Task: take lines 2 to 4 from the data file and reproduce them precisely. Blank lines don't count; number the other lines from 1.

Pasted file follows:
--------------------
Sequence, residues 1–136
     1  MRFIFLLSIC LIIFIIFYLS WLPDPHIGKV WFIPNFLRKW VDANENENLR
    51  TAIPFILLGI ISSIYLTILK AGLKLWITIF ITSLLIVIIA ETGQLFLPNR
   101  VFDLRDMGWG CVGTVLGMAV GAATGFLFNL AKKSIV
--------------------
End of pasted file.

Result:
     1  MRFIFLLSIC LIIFIIFYLS WLPDPHIGKV WFIPNFLRKW VDANENENLR
    51  TAIPFILLGI ISSIYLTILK AGLKLWITIF ITSLLIVIIA ETGQLFLPNR
   101  VFDLRDMGWG CVGTVLGMAV GAATGFLFNL AKKSIV